How your diet affects back pain


When it comes to inflammation resulting in back pain, it’s true that you are what you eat. Many foods have been shown to reduce inflammation, while others increase it. Diets high in sugar and fatty foods also increase the risk of obesity, which contributes to back pain.

Tamer Sabet, a specialist Musculoskeletal Physiotherapist says: “Unhealthy dietary intake is known to be a contributing factor to the development of being overweight and obese. Additionally, an increased prevalence of back pain has been reported to be associated with obesity although the causes of this relationship are not yet clear.”

Spine Specialist at Q1 Spine Clinic in Mumbai, Meenaskshi Sharman says: “Your lower back and abdominal muscles provide a base of support for your spine, holding your body upright. The muscles of the lower back and abdomen are meant to work together to support the upper body and the spine’s alignment. As these muscles might not get the essential nutrients required, their ability to repair may become poor. At the same time the amount of time taken for these muscles to recover from injury may increase.”

To keep your back healthy and reduce any aches and pains, it’s important to eat a balanced diet including appropriate amounts of protein, carbohydrates and fat. Ensuring you are getting enough water is also important. Make sure you drink eight to 10 glasses of water daily. If you’re dehydrated, you lose many important nutrients which are required for the body and the spinal discs.

 

Reducing inflammation

A considerable amount of back pain is the direct result of inflammation. The causes of inflammation vary. Often it is a defensive response to infection or some foreign substance in our bodies. However, this defensive response can become chronic, and can be triggered when there is no infection or other immediate cause.

Recent studies have shown a number of foods are pro-inflammatory. For example, foods high in trans fats, saturated fats, sugars and white flour can trigger inflammation through a complex series of biochemical and hormonal processes.

Consequently, if you do suffer from ongoing back pain it is sensible to reduce the amount of pro-inflammatory foods you eat. Things to cut down on:

  • Red meat
  • Highly processed foods and foods with added sugars
  • White bread, pasta and rice
  • Whole-fat dairy
  • Sugary drinks and snacks
  • Fried foods

 

What should you eat to help with your back pain?

No diet by itself is the answer to chronic back pain. But by reducing your intake of pro-inflammatory foods and eating those that that are known to counter and even reduce inflammation you will definitely be doing your back – and your general health – a big favour.

The best foods to counter inflammation are those that contain high levels of antioxidants, lean protein and unsaturated fats. Foods that have these qualities are often found in a Mediterranean diet, which compromises plenty of fish, raw vegetables, fruit, whole grains and olive oil.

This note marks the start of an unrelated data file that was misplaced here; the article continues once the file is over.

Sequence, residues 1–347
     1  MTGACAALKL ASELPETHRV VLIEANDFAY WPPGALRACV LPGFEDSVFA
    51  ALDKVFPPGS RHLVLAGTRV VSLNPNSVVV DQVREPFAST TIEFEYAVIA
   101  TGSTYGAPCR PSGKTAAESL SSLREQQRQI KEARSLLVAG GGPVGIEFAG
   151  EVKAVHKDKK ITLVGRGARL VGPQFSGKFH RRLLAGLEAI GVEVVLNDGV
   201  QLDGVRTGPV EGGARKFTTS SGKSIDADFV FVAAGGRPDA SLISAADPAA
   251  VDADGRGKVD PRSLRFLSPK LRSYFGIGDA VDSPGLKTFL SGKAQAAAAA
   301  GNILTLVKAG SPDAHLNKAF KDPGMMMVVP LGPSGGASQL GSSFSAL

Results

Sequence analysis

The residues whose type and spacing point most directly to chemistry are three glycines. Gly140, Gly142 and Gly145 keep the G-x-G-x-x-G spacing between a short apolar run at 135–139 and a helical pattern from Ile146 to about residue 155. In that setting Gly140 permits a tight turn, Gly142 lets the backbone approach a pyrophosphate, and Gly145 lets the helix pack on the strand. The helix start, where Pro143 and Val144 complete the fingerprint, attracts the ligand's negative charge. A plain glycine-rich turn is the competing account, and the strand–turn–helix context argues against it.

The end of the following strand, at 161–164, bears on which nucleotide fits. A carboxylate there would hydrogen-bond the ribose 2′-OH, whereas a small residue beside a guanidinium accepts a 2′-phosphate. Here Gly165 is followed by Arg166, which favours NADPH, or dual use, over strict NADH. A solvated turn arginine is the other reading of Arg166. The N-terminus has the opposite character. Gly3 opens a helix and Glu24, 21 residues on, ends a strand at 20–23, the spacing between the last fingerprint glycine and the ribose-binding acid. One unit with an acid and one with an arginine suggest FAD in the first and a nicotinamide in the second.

• Aim for two or three servings of omega-3-rich fish each week. Tuna and salmon are both good sources of omega-3.
  • Beans (e.g. kidney beans), pulses, grains, seeds and nuts should all be a part of your daily food intake.
  • Poultry and eggs can be eaten every other day. It’s okay to cook chicken with the skin on, but remove it before eating
  • If possible, try to limit your meat intake to once a week
  • Red wine is allowed – a glass a day provides a healthy antioxidant boost

A diet like this will not only help limit inflammation, it will also help to keep the kilos off, which in turn may help to reduce your back pain. But it is important to stress that diet alone is not the whole answer to back pain. Exercise, posture, good sleeping position, and, if necessary, medical treatment all play their part.

 

Keep your bones strong

Osteoporosis is a weakening of the bones, which begins in your early twenties. This condition has a tendency to compromise the vertebrae in your spine, leading to back problems.

When young, it is important to bank enough calcium to delay the onset of osteoporosis. You can also slow down the process (even in middle and old age) by continuing to ensure you have a good calcium intake.

Women are recommended to get 1200 to 1500mg of calcium a day. Men should target 800 to 1000mg. Popular sources include calcium fortified milk and other dairy products, e.g. yogurt, whole grain breads and soy milk. Fortunately, there are plenty of calcium supplements to make sure you reach your optimum intake, but it is always better to get your calcium from good, healthy food. It is also worth remembering your body can absorb only about 600mg of calcium at one time.

 

Water

Proper hydration is key for nearly every process our body performs. It is also important for your back.

Your vertebrae have cushions, known as discs, between them. These discs are made up in part of a jelly-like substance which is 90% water. Ensuring your body has steady stream of fluid coming in may help to keep this cushioning gel functioning as it should.

However, drinking copious quantities of water will not of itself repair damaged discs, and you should seek medical advice for back pain you believe may be associated with a disc in your back.

If you think you need to change your diet, we recommend consulting with a health professional such as a nutritionist to find the best solution for you.


There are many lifestyle changes you can make to help reduce your back pain. Learn how to stop waking up with back pain here

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